In terms of transmitting torque through the gearbox, a gear changes takes zero seconds. The time for the mechanical parts to complete the shifting mechanism is less than 0.05s - that's a third of the time it takes to blink an eye. At 250 kph, a Formula One car would travel almost 3.5m; around two thirds of a car length, in this time.

Article 9.6.2 of the Technical Regulations says all competitors have only 30 gear ratio pairs available for the season, and these must be declared before the first event of the year. How are they selected?
This rule means that the teams have 30 ratio options available, not that only 30 ratios can be used. Within this range, ratios can be changed between races to adapt to circuit characteristics. The 30 ratio options are chosen based on pre-season testing with both drivers, plus lap simulation. Each driver has the same 30 ratios available.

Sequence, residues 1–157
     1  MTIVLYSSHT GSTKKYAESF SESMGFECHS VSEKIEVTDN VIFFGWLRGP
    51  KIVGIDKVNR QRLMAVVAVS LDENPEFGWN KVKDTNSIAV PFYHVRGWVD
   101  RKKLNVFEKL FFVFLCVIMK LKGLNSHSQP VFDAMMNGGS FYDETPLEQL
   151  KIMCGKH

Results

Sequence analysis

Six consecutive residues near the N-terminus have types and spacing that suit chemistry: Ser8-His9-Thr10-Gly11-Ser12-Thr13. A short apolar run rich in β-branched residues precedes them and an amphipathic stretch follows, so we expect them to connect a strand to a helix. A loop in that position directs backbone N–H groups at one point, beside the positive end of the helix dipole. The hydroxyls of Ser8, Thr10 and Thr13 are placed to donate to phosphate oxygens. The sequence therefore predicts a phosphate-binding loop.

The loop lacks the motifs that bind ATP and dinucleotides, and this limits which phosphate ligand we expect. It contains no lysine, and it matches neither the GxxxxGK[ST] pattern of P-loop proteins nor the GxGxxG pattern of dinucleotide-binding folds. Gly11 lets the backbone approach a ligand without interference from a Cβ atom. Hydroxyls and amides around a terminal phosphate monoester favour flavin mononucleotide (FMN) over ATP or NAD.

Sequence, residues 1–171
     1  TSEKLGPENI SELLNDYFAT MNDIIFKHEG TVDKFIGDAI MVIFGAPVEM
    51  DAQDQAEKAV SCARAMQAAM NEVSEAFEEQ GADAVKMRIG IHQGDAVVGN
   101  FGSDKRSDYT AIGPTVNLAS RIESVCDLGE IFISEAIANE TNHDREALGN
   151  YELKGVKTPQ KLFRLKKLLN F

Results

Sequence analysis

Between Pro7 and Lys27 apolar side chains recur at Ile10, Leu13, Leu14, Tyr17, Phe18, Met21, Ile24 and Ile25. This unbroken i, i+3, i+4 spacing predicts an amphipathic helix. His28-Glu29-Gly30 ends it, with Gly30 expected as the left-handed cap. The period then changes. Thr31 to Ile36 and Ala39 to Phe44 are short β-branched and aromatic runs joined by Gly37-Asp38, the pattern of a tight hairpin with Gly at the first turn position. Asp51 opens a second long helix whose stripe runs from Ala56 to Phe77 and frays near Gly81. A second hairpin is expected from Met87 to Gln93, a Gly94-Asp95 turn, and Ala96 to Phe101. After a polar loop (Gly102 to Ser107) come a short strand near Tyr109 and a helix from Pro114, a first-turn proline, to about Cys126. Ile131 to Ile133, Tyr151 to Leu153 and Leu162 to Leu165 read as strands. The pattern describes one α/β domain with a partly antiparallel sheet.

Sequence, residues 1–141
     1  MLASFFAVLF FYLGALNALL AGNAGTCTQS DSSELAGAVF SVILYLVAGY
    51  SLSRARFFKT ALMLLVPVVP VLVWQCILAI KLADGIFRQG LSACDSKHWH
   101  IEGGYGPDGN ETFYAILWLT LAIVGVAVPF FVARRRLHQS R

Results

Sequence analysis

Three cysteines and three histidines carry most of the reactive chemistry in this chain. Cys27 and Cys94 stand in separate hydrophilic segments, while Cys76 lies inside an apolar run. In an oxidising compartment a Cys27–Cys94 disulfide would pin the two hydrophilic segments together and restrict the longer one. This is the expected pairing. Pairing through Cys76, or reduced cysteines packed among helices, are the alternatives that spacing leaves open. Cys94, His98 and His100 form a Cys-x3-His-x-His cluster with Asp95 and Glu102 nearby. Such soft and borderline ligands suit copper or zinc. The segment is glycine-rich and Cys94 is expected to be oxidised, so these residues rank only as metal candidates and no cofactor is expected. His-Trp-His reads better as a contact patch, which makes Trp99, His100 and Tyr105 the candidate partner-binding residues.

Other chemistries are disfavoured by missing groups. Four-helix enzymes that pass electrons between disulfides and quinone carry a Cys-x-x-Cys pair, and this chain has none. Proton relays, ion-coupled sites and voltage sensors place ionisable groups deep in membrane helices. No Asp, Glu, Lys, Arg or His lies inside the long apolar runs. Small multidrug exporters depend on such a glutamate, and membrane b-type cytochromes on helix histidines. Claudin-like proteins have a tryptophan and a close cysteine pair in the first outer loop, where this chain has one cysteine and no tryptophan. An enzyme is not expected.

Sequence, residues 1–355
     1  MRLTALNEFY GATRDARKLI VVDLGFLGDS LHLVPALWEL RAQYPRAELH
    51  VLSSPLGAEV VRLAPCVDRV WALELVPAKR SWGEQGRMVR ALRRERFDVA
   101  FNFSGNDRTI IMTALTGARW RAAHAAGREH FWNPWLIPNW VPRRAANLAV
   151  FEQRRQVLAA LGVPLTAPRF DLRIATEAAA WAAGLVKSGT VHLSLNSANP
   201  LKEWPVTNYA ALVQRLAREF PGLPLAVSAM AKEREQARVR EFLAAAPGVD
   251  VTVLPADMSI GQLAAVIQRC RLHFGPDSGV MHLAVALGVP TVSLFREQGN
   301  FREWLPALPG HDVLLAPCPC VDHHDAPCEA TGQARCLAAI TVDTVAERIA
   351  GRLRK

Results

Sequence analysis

How are ratios selected for a specific circuit?
The first part of the process is to select top gear, which is done through simulation of various wing levels, plus the lap time compromise between DRS and non-DRS running for various top gears: optimizing for non-DRS running could leave the driver on the limiter for too long when DRS is active, while the reverse scenario could cost too much lap time without DRS because the gearing is too 'long'. At high downforce circuits, using DRS has increased top speeds by 15 kph, while speeds are very similar at medium downforce circuits like Montreal; its operation can also increase engine speeds by nearly 1,000 rpm.

The remaining ratios are picked after running the circuit on the simulator. The ratios must provide sufficient torque to exit a corner without the engine bogging down but, if the ratio is too short, it becomes difficult to control wheel spin on exit, or could make the car nervous on corner entry. Upon arrival at the circuit, planned ratios may be adapted to suit grip levels or wind direction. Within the range of 30 ratios, they can be freely changed between first and second practice. After P2, the team has just two hours to select final ratios for the remainder of the event.